*** This is a rough transcript of today’s show ***
It is the 31st of March 2022. Welcome to the Christian History Almanac brought to you by 1517 at 1517.org; I’m Dan van Voorhis.
So today, we finally look at Christianity in that one-time kingdom of Islands- also a former colony and protectorate of the United States…. That’s right- today, we look at the history of Christianity in the Philippines.
On the 31st of March in 1521, the first-ever Catholic Mass was held in the Philippines by the Augustinian priest and chaplain Pedro de Valderrama. Valderrama was with the expedition of Ferdinand Magellan on his famed circumnavigation of the globe.
(But you know he didn’t circumnavigate it, right? Not to be “that guy,” but he was killed in the Philippines shortly after the first mass- only one of the five ships and a handful of men made it all the way around. I digress)
Magellan’s story is fascinating by itself- he’s a tragic figure- He was Portuguese but explored for Spain. This is like growing up in Boston and becoming a hero on the Yankees. And then you got murdered by… a member of the Blue Jays, and the Yankee fans decided they don’t like you anymore.
A little back story- after Columbus’ first voyage and knowledge of the new World, the Pope decided to intervene on behalf of the two maritime powers- Spain and Portugal. This “Treaty of Tordesillas” split the world into two realms of influence. The Spaniards were the beneficiary- and maybe that's no surprise because Pope Alexander was Spanish himself. Magellan abandoning Portugal for Spain to help them navigate a better way to the Spice Islands was a slap in the face to his home country.
We have a first-hand account of the events leading up to the sighting of the Philippine Islands and the first mass, and the death of Magellan- these explorers knew that they should be recording what they were doing.
They spotted land on March 28th in 1521- this would be the island of Limasawa (the idea of calling this the “Philippines” was Magellan’s- in honor of Emperor Charles V, Spanish son and future Emperor Philip). The natives came out on a boat to meet the sailors and exchanged gifts. Seeing that they were friendly, Magellan ordered his men to disembark and told his chaplain to prepare to celebrate a Mass, as the coming Sunday was Easter Sunday.
A cross was planted, and the mass was said. From Limasawa, Magellan’s crew went to the island of Cebu, where they met with even more success. Here they were once again greeted; Magellan and the Raja performed a peace ritual (drinking their blood mixed with wine), Magellan gave the Raja a hand-carved statuette of the Christ child. Despite the tragic end of Magellan, this icon is still venerated by Philippino Catholics.
Magellan decided to roll more inland, and this is where he met Lapulapu- a local chief that did not roll out the red carpet- Magellan himself took a small force of 50 or 60 men to the island of Mactan. Here the armor of the Spaniards couldn’t overtake the people of Mactan- most of the Spaniards were killed, including Magellan. His chronicler was there but managed to escape.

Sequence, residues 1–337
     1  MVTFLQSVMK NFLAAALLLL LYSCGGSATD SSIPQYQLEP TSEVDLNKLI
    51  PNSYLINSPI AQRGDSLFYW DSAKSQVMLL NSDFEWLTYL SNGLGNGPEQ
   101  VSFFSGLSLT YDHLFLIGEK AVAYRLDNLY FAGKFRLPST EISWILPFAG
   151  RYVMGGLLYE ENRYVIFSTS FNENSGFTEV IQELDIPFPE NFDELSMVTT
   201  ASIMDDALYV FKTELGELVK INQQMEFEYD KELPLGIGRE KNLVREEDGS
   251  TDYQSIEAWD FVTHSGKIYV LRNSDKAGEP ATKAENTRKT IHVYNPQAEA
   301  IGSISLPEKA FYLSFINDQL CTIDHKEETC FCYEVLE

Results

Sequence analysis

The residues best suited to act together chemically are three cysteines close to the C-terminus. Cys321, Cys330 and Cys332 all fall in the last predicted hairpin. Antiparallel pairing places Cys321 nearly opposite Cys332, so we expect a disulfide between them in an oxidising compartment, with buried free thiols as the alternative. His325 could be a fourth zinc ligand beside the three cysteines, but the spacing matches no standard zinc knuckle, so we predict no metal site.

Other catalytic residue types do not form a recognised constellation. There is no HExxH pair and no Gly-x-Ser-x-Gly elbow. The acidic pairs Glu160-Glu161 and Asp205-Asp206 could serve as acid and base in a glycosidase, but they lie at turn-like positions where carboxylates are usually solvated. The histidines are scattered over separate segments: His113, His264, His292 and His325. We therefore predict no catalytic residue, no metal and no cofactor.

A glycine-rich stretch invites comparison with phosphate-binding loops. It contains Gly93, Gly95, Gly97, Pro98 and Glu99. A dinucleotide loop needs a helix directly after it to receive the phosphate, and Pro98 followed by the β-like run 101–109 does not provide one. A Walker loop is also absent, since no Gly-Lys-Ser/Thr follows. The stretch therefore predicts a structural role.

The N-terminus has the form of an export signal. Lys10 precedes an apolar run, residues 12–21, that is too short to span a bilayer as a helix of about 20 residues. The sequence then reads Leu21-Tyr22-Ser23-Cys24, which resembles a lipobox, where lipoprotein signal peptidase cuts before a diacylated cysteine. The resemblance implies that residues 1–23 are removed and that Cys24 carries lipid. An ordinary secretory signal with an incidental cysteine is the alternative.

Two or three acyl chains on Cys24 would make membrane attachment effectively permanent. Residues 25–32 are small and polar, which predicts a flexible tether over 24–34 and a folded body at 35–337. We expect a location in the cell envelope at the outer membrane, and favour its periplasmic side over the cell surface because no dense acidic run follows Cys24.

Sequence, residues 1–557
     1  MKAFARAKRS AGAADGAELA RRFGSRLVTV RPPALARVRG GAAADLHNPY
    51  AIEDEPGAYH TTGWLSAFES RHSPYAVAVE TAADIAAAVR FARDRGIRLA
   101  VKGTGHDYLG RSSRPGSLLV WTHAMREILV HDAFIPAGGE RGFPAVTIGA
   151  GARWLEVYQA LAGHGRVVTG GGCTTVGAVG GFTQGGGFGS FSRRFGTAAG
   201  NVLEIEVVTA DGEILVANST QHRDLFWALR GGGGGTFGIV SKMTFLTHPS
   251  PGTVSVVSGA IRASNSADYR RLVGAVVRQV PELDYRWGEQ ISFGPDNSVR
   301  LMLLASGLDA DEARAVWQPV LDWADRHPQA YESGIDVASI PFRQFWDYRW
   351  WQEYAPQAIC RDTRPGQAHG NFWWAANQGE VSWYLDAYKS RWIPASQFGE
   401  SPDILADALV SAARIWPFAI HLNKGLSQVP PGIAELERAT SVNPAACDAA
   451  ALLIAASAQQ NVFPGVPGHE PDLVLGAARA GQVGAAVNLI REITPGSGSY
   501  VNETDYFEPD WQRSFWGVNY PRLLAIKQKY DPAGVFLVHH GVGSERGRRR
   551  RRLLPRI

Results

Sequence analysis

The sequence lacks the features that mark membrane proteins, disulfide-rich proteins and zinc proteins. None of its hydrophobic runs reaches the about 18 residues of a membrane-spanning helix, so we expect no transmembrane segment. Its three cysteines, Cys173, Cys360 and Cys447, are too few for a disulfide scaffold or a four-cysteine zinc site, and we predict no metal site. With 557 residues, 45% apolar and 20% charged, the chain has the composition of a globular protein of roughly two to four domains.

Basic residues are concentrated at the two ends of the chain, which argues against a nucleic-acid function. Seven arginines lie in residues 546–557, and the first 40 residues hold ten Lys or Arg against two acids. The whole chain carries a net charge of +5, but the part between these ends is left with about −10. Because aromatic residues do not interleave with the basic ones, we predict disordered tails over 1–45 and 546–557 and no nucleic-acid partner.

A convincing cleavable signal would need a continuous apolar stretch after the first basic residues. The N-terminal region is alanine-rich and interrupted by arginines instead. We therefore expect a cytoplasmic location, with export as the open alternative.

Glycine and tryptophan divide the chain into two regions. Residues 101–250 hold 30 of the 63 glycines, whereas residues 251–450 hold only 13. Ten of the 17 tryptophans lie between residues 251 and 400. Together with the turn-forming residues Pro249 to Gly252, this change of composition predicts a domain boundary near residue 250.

Back in Cebu, the natives saw the bloodshed as a bad sign, so they killed many of the explorers and left a few scrambling to get out. On the run from the tribes and the Portuguese who were patrolling the seas for them, the once-mighty expedition straggled home with one ship and a handful of men.
Although the first mass was said, the Catholics were run out. But the statue they left behind was said to have survived disasters miraculously and was seen as a talisman. When Augustinians returned to what they called the Philippines in the 1560s, they had refined their missionary tactics- that and Spanish protection from Japanese and Muslim pirates helped the faith take root.
Today the Philippines is about 90% Christian, with the majority being Catholic (about 80%). The Philippines has the largest Christian population in all of Asia. They have the 3rd largest Catholic population in the world (behind Brazil and Mexico). They have the 5th largest population of Christians behind the two aforementioned countries, the United States and Russia.
And it began with a mass- the whole context of the event makes for a tragic story- but so it goes. The mass took place 501 years ago today on the 31st of March.
The Last Word for today comes from Romans 5 in the Common English Bible:
Therefore, since we have been made righteous through his faithfulness, we have peace with God through our Lord Jesus Christ. 2 We have access by faith into this grace in which we stand through him, and we boast in the hope of God’s glory. 3 But not only that! We even take pride in our problems, because we know that trouble produces endurance, 4 endurance produces character, and character produces hope. 5 This hope doesn’t put us to shame, because the love of God has been poured out in our hearts through the Holy Spirit, who has been given to us.
This has been the Christian History Almanac for the 31st of March 2022, brought to you by 1517 at 1517.org.
The show is produced by a man who knows that the Philippines is home to the world’s largest snake and fish and the world’s smallest deer. He is Christopher Gillespie.
The show is written and read by a man who loves and respects the people of Hawaii- he went on his honeymoon there, wants to go back… we’ll get to that story eventually. I’m Dan van Voorhis.
You can catch us here every day- and remember that the rumors of grace, forgiveness and the redemption of all things are true…. Everything is going to be ok.